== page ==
Oil and gas leasing programs are among the initiatives that could get slashed if Congress doesn’t stop automatic spending cuts set to begin March 1, a top congressional Democrat warned Tuesday.
The warning from Rep. Ed Markey, D-Mass. came as the Obama administration stepped up pressure on lawmakers to agree to a deal to avert the across-the-board spending cuts. Flanked by firefighters and other emergency responders at the White House on Tuesday morning, President Barack Obama appealed to Congress to pass a short-term fix, lest the cuts jeopardize “investments in education, health care and national defense.”
But those aren’t the only investments and programs at risk, Markey suggests. An 8.2 percent spending cut at the Interior Department would translate to fewer offshore drilling inspectors and fewer onshore drilling leases, Markey said. Permitting of oil and gas projects on public lands and waters also could slow down, Markey speculated.
“Republicans say they want to drill, baby, drill,” Markey said, invoking the GOP chant that caught on after oil price spikes in 2008. “Yet by letting the sequester go forward, Republicans in Congress will put the brakes on oil and gas development on public lands in America and reduce our ability to protect against another offshore drilling disaster.”
According to an analysis prepared by Democratic staff on the House Natural Resources Committee, the sequester could pare some $6 million from the budget of the Bureau of Safety and Environmental Enforcement that oversees offshore drilling, while eliminating 52 employees.
“Such cuts would not only prevent BSEE from improving the oversight and safety of offshore drilling, they would cut critical resources that could make offshore drilling less safe,” the report concludes.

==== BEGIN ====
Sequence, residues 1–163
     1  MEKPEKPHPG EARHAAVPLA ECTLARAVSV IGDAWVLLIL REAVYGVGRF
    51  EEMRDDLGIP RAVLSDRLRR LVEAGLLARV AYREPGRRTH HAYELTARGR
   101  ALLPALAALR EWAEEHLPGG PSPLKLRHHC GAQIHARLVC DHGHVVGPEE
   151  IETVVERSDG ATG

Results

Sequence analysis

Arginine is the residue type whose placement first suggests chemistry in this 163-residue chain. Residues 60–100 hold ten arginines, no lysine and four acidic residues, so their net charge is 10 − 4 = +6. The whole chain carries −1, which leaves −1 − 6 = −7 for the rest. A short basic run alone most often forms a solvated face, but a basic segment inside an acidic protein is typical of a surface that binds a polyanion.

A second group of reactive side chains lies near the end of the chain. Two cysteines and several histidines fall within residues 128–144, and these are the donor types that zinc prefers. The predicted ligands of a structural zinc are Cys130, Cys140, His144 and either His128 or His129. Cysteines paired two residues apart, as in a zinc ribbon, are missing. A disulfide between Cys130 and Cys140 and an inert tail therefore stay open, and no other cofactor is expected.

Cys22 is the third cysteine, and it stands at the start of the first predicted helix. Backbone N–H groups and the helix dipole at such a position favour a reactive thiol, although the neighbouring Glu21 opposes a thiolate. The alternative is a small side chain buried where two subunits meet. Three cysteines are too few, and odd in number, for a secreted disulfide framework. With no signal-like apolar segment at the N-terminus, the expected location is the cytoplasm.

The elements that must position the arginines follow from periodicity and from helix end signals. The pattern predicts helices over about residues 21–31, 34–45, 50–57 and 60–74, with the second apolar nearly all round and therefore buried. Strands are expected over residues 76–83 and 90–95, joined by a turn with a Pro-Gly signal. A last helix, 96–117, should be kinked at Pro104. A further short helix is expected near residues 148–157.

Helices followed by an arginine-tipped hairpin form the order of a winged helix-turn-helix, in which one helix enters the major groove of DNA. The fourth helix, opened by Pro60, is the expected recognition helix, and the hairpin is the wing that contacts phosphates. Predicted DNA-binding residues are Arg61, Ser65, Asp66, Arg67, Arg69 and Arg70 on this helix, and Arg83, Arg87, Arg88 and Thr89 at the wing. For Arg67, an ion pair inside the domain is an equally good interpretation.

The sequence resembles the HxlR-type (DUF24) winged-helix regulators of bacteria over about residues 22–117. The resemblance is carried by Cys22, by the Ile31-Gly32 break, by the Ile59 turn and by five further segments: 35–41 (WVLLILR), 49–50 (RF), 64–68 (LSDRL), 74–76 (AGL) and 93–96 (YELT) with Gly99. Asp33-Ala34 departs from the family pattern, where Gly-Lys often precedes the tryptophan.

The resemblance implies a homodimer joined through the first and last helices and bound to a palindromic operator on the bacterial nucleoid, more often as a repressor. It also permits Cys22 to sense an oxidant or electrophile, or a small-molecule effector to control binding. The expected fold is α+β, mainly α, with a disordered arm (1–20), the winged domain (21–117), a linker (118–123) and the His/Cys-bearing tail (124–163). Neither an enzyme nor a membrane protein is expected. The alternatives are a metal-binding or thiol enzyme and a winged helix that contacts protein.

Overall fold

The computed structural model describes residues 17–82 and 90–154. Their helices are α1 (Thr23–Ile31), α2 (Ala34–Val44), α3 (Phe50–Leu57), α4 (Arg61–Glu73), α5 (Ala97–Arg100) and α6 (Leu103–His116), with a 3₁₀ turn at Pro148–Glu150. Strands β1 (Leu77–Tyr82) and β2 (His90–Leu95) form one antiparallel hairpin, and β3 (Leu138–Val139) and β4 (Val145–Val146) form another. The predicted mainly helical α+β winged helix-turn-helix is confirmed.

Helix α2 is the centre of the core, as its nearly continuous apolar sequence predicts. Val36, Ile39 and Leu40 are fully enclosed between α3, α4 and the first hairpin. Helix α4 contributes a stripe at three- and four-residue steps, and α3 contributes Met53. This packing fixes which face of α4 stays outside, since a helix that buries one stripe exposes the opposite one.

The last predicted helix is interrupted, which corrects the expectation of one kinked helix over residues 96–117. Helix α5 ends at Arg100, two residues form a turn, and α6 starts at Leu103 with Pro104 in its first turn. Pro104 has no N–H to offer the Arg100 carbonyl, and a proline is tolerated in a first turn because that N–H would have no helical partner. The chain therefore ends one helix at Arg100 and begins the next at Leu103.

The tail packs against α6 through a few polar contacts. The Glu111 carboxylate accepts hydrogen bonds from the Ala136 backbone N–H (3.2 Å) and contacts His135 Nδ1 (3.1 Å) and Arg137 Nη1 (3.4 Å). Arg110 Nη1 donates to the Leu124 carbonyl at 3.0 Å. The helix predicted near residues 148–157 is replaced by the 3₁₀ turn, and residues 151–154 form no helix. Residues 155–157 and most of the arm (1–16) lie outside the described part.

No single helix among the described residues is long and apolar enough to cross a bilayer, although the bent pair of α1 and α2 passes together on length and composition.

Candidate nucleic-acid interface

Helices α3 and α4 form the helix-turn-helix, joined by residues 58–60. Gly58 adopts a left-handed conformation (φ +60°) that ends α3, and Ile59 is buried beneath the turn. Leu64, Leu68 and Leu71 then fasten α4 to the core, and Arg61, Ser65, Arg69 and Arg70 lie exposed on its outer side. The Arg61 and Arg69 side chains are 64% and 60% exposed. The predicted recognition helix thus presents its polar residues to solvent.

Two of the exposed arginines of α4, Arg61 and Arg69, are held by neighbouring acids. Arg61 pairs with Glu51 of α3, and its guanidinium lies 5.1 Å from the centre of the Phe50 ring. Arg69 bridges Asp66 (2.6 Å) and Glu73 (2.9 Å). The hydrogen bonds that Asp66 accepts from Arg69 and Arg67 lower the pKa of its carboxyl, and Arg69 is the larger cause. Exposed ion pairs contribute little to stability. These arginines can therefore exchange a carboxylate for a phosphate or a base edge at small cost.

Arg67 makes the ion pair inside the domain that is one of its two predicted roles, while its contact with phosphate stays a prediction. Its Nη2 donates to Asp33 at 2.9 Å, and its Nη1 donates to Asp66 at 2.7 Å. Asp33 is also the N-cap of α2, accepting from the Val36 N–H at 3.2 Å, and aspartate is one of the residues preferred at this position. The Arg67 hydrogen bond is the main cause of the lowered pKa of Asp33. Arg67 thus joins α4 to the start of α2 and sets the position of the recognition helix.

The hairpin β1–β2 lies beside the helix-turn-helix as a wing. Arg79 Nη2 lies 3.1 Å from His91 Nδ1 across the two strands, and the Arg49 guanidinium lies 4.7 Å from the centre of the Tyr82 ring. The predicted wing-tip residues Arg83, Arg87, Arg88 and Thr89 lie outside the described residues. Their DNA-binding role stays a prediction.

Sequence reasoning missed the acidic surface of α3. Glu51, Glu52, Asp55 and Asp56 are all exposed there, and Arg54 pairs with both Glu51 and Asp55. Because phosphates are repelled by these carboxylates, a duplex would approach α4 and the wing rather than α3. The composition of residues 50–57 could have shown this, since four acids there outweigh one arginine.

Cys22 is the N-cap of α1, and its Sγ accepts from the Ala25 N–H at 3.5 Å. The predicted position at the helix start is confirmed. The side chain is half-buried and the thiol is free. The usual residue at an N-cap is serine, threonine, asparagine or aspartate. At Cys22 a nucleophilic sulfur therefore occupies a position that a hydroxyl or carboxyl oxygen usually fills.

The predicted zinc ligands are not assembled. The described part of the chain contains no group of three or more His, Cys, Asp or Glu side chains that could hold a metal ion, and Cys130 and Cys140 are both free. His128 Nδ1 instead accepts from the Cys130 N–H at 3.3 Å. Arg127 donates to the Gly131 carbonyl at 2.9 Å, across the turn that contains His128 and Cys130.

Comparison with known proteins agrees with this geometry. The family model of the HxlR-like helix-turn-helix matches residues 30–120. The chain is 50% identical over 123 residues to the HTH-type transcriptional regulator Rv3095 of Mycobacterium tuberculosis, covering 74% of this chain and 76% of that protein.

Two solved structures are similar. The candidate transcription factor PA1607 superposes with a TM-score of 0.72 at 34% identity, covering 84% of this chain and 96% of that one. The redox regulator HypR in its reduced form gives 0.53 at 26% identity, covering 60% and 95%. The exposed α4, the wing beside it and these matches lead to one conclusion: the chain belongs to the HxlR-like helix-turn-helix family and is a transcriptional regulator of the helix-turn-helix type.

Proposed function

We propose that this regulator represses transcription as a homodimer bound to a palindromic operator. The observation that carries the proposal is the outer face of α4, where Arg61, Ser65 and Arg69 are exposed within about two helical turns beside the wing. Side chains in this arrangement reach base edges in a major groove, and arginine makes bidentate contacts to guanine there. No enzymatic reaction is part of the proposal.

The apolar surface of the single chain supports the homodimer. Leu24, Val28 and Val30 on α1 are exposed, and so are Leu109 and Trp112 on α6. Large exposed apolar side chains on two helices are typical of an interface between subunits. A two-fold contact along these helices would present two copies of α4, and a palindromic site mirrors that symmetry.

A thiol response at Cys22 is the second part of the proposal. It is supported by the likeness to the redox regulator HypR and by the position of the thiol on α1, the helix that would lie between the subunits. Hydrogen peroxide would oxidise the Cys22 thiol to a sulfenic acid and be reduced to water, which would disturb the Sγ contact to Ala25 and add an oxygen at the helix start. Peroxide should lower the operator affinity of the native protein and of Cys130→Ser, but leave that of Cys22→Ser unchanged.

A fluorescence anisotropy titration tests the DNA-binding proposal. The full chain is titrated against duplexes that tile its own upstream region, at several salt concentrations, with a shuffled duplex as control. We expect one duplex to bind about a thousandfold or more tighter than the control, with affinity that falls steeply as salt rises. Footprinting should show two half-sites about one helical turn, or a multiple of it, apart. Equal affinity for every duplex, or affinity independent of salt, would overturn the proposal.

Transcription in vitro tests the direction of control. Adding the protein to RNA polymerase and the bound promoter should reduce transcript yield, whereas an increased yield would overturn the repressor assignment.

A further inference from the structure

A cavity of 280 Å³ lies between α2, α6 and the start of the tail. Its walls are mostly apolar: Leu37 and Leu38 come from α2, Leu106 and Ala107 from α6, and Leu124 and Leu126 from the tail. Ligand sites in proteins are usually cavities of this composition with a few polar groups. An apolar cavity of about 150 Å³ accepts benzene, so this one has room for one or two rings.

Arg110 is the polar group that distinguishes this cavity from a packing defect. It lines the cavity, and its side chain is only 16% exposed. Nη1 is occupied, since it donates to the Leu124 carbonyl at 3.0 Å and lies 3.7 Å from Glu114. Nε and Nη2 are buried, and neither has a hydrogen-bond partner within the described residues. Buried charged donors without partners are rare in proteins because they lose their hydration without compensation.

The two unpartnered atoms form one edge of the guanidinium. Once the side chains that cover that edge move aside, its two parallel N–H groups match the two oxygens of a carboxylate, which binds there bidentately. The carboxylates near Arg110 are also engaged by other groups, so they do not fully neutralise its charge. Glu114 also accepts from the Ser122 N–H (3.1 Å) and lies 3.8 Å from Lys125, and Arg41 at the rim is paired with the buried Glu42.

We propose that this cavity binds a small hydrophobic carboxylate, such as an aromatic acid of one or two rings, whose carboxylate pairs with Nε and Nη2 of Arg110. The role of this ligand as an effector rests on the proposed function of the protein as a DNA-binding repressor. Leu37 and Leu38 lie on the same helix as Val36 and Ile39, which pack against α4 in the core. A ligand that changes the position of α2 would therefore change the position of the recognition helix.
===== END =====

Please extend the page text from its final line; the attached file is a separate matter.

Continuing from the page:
At the same time, spending cuts at the Bureau of Ocean Energy Management could hinder the government’s ability to lease new offshore areas for energy development. The bureau is tasked with vetting companies’ broad drilling blueprints — the first step in launching exploratory drilling on leased offshore tracts.
In a letter to Sen. Barbara Mikulski, D-Md., the Interior Department stressed that “efforts to expedite processing of offshore oil and gas permitting in the Gulf of Mexico would be thwarted by delays, putting at risk some of the 550 exploration plans or development coordination documents” the bureau expects to review this year.
Onshore, there could be permit slowdowns too, as the Interior Department’s Bureau of Land Management loses more than $92 million. The Interior Department has said that could translate into 300 fewer onshore oil and gas leases in Western states such as Wyoming, Utah, Colorado and New Mexico, effectively “delaying prospective production from those lease tracts.”
Of course, the dire warnings about the effect of the sequester may never be realized. And even if the automatic cuts happen, they may be short lived.
According to The Wall Street Journal, Erskine Bowles, the White House Chief of Staff under former President Bill Clinton, predicts that Congress won’t reach a deal to avert the reductions immediately, but the cuts will eventually be reversed because of the inconvenience to Americans.